I am a parent or carer of a child with ADHD
I am a parent or carer of a child with ADHD
Common myths about ADHD
MYTH: ADHD only affects children
REALITY: Although most cases of ADHD are diagnosed in childhood, about 50–65% children with ADHD will continue to have impairment into adulthood. ADHD affects as many as 1 in 30 adults
MYTH: Children with ADHD will simply “grow out of it”
REALITY: There isn’t a lot of information about the persistence of ADHD into adulthood. However, recent studies suggest that 50–65% of children diagnosed with ADHD continue to have symptoms into adulthood
MYTH: All people with ADHD are physically hyperactive
REALITY: There are three different presentations of ADHD: 1) Mostly inattentive type – individuals have mainly symptoms of inattention; 2) Mostly hyperactive/impulsive type – individuals have mainly symptoms of hyperactivity and impulsivity; and 3) Combined type – individuals have symptoms of inattention and hyperactivity/ impulsivity in more-or-less equal amounts. Therefore,
people with ADHD may experience symptoms of brain hyperactivity (e.g. mind wandering) manifesting as inattention as well as or instead of symptoms of physical hyperactivity
MYTH: People with ADHD are just lazy or disorganised

REALITY: ADHD affects the transmission of information in the brain. Through research we now know that certain chemicals in the brain help with these transmissions. People with ADHD seem to have less of these chemicals, but we’re not sure why. We do know that much of the time, ADHD is hereditary, meaning that it is passed from parents to children. In fact, many adults are diagnosed with ADHD after their children are diagnosed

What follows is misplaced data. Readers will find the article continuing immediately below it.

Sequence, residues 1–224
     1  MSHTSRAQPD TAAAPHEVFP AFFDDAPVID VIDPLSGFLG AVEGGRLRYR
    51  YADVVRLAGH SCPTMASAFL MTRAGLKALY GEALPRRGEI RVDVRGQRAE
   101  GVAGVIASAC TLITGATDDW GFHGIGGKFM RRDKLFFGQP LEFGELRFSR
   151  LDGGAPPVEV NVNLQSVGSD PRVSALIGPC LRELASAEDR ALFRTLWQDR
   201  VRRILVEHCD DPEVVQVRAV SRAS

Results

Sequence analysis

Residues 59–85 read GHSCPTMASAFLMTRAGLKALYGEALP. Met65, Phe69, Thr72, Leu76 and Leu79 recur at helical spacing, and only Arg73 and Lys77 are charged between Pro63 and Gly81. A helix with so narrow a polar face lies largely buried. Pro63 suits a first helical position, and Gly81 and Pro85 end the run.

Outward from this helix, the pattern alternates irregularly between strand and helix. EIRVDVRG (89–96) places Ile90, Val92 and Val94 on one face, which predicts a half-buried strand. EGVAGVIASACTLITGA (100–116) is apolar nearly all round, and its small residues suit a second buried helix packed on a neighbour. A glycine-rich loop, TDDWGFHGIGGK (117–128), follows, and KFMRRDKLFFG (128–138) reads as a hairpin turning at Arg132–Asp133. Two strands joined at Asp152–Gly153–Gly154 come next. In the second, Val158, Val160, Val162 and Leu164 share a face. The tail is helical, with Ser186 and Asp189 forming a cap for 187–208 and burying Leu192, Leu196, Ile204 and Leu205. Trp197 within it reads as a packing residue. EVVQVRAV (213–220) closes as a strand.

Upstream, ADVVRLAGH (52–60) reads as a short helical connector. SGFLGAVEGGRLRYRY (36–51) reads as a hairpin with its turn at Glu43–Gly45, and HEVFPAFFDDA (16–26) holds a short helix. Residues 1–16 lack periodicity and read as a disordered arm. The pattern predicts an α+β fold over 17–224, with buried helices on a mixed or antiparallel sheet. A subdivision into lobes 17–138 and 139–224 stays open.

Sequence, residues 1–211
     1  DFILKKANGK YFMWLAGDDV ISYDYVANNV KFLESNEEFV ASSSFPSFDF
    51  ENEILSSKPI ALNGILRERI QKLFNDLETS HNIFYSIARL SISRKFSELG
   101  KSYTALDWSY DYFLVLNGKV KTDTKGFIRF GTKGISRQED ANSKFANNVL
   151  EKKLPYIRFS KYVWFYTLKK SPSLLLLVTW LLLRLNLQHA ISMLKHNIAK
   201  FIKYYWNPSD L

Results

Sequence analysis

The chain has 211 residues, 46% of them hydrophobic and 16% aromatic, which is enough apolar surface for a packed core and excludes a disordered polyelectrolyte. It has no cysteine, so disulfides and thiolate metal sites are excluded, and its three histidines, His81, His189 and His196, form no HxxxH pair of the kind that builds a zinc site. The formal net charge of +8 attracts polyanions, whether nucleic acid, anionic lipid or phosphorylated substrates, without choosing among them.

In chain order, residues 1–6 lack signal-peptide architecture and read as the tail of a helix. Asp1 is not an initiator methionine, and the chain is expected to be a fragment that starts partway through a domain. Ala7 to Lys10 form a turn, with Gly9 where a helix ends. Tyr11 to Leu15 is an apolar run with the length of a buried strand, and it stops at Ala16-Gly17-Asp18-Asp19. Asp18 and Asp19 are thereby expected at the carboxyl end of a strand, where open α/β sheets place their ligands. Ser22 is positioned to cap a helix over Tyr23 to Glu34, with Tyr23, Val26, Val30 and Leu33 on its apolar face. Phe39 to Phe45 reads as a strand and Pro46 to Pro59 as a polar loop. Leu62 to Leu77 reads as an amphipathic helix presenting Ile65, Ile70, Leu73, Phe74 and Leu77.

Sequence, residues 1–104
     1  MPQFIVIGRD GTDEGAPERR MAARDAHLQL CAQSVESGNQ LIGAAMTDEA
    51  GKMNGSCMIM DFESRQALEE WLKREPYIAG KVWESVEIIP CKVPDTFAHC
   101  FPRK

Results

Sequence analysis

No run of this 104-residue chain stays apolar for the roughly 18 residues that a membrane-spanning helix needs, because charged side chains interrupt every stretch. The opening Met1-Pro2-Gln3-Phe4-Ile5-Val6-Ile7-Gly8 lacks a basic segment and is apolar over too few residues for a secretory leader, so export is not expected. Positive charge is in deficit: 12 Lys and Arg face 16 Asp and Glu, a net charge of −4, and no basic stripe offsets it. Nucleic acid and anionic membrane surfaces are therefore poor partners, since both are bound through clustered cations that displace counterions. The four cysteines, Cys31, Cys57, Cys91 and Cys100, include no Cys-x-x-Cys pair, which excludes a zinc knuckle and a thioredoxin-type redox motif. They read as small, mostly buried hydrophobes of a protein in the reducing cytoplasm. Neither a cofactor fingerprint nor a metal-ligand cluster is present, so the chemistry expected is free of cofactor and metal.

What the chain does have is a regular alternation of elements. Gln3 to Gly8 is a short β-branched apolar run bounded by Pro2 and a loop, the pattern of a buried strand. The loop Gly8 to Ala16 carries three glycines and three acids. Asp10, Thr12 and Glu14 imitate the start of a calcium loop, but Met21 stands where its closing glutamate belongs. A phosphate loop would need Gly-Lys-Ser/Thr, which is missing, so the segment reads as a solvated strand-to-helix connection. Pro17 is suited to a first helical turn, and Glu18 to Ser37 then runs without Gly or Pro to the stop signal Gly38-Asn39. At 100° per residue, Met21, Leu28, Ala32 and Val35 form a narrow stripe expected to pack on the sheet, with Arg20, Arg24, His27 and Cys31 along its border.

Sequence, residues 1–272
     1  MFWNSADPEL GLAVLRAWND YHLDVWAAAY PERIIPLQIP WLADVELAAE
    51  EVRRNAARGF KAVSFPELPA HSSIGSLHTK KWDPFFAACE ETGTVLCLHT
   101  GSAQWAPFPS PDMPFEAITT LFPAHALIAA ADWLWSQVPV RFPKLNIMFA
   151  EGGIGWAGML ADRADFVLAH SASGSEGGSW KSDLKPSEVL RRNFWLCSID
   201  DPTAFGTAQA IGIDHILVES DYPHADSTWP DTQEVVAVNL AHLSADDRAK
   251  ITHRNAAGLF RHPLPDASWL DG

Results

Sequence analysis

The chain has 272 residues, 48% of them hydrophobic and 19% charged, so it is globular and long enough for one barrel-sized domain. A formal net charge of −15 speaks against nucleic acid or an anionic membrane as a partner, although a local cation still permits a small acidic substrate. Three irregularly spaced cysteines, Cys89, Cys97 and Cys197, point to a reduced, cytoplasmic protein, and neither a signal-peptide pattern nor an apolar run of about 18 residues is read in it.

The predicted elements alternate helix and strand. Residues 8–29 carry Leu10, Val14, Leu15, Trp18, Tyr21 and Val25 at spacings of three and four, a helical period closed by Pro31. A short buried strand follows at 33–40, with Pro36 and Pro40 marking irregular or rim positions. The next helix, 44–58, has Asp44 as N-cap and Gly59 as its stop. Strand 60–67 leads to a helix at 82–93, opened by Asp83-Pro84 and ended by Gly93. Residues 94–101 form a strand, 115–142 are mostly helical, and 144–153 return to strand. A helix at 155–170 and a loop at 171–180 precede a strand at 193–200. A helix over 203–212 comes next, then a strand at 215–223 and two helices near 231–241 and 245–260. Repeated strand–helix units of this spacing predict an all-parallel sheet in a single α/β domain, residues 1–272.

MYTH: People with ADHD aren’t as smart as those without it
REALITY: ADHD has nothing to do with intelligence. People with ADHD are just as smart as anyone else
MYTH: ADHD only affects school or college work

REALITY: ADHD affects all areas of life, not just school or college work. It may affect how you get along with others, at work, in sports or hobbies, or in romantic relationships, how well you sleep, and even how you feel about yourself and the future

MYTH: ADHD is caused by too much sugar
REALITY: There is little evidence that sugar causes ADHD; it is not necessary to eliminate it from the diet. While a poor diet does not cause ADHD, it can worsen symptoms. Having a healthy diet, particularly breakfast, can help with concentration throughout the day
MYTH: ADHD is a learning disability

REALITY: ADHD is not a learning disability. However, some people with ADHD also have learning disabilities. A trained professional can help diagnose and treat these conditions

Useful Links
  • Born to Be ADHD is your portal for information on:
  • Born to Be ADHD Campaign - encouraging members of the community to take action in addressing stigma and misconceptions surrounding ADHD.
  • Stories that Never Stand Still - a collection of inspiring stories from people living with ADHD to educate and empower those in the community.
  • Educational resources - aimed at members of the community to improve care for those living with ADHD
  • BorntoBeADHD.co.uk is initiated and funded by Takeda with materials created in collaboration with UK-based patient organisations.

Patient support organisations

Professional organisations